Adult canines are one of the last few teeth to erupt. They have big, bulky roots. It is not uncommon to have adult canines that are “stuck” (impacted) under the gum especially if your child’s mouth is crowded.
The importance of routine dental examinations around teenage years cannot be overlooked. This is the age where a lot of things are happening in the mouth and, if your child has not seen an orthodontist yet, this is perhaps the right time to do so especially if your teenage son or daughter have crowding or impacted teeth.
Kiddies Dental Care
Kitten Teething: Expected Age & How You Can Help
Do kittens teethe? Well, you better stash away some tooth fairy money because yes, they sure do! While it takes years for young humans to lose all their baby teeth and wait for their adult chompers to come in, the kitten teething process moves much faster. In fact, by the time they’re 6 months old, cats have already cycled through two sets of teeth.
Kitten Teething: An Age Timeline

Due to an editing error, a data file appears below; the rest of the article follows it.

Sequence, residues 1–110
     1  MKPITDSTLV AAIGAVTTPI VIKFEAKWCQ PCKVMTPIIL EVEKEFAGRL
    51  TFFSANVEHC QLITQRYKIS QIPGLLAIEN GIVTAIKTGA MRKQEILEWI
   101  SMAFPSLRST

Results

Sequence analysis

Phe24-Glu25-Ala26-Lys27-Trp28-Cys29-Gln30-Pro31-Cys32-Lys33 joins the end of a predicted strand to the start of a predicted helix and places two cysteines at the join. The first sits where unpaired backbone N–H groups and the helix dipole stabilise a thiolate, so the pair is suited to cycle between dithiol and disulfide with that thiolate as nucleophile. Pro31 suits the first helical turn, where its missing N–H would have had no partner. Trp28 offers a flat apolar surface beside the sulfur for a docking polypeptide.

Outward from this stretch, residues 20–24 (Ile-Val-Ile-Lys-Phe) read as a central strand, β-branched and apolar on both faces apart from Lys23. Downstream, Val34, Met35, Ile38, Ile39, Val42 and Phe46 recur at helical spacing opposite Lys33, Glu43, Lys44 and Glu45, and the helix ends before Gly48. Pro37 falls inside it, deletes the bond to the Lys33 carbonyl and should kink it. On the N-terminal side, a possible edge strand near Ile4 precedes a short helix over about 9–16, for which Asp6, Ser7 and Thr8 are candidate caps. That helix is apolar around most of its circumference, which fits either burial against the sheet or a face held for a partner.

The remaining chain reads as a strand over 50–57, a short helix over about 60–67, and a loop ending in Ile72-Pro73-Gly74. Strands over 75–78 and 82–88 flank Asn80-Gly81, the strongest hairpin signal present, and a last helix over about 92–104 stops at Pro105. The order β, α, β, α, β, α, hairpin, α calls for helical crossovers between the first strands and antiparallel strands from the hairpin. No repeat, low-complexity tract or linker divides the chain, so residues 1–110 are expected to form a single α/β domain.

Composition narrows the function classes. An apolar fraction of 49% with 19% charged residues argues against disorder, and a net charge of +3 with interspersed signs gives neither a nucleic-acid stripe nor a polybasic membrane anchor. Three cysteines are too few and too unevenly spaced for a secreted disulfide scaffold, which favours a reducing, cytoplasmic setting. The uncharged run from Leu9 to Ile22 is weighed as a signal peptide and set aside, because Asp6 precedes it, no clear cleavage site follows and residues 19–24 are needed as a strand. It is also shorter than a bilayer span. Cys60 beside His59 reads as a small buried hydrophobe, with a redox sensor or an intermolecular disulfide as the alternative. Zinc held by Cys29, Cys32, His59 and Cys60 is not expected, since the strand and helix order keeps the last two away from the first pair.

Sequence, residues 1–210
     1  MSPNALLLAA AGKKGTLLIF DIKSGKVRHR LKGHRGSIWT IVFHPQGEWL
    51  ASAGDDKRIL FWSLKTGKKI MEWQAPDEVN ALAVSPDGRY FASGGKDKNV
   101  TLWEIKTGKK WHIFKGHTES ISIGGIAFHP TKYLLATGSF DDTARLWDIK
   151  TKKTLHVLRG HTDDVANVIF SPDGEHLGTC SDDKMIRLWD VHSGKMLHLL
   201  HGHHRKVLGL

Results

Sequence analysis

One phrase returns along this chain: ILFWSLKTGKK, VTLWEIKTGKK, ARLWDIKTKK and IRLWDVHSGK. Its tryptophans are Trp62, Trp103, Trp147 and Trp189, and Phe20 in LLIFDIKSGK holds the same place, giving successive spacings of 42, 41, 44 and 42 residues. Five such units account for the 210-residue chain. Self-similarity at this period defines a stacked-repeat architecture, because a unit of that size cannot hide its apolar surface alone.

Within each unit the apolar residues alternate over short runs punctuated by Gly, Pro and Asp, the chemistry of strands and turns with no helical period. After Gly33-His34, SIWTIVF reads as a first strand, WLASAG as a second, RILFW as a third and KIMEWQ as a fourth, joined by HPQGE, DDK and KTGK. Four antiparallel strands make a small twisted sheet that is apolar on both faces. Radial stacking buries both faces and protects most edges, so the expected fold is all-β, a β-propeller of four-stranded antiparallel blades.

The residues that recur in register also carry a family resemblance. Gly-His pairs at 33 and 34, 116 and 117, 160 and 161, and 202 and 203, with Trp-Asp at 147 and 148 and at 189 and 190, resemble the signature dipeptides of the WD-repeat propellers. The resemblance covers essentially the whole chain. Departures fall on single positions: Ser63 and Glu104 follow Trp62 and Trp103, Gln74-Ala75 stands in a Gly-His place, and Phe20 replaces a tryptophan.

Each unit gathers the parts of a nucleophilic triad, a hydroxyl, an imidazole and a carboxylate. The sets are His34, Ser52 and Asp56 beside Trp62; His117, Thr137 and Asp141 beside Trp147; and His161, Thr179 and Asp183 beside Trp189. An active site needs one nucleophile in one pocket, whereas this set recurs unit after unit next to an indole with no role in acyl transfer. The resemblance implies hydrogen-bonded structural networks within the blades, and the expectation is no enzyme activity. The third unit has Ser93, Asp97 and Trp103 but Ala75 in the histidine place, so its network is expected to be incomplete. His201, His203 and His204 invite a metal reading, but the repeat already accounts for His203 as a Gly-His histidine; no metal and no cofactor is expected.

A kitten’s baby teeth, also known as milk or deciduous teeth, first break through when a cat is about 3 or 4 weeks old. The incisors and primary canines come in first, according to Pet Health Network, with the others following in quick succession.
These baby teeth all fall out by the age of 3 to 4 months, making room for the adult teeth to then pop up. Typically, all adult teeth are in place by the time a kitten is 6 months old. Most adult cats have 26 baby teeth and 30 adult teeth.
What Are the Signs of Kitten Teething?
During the kitten teething process, you may not even know that your feline friend is losing teeth until you see one on the floor or in their bed. This is normal, so don’t worry! Most cats swallow their teeny teeth but, again, no need to fret — this doesn’t cause any harm to a cat.
You also may notice these commons signs of kitten teething:
- Appetite loss
- Excessive chewing
- Less grooming
- Sore, red gums
- Slight bleeding of the gums
During this phase, your kitty may also start pawing at their mouth. If you notice an infection, it may be due to a condition called persistent deciduous teeth, explain the experts at the Tufts catnip, meaning that some of their baby teeth didn’t fall out. This condition is rare but worth keeping an eye out for, as a tooth extraction may be necessary.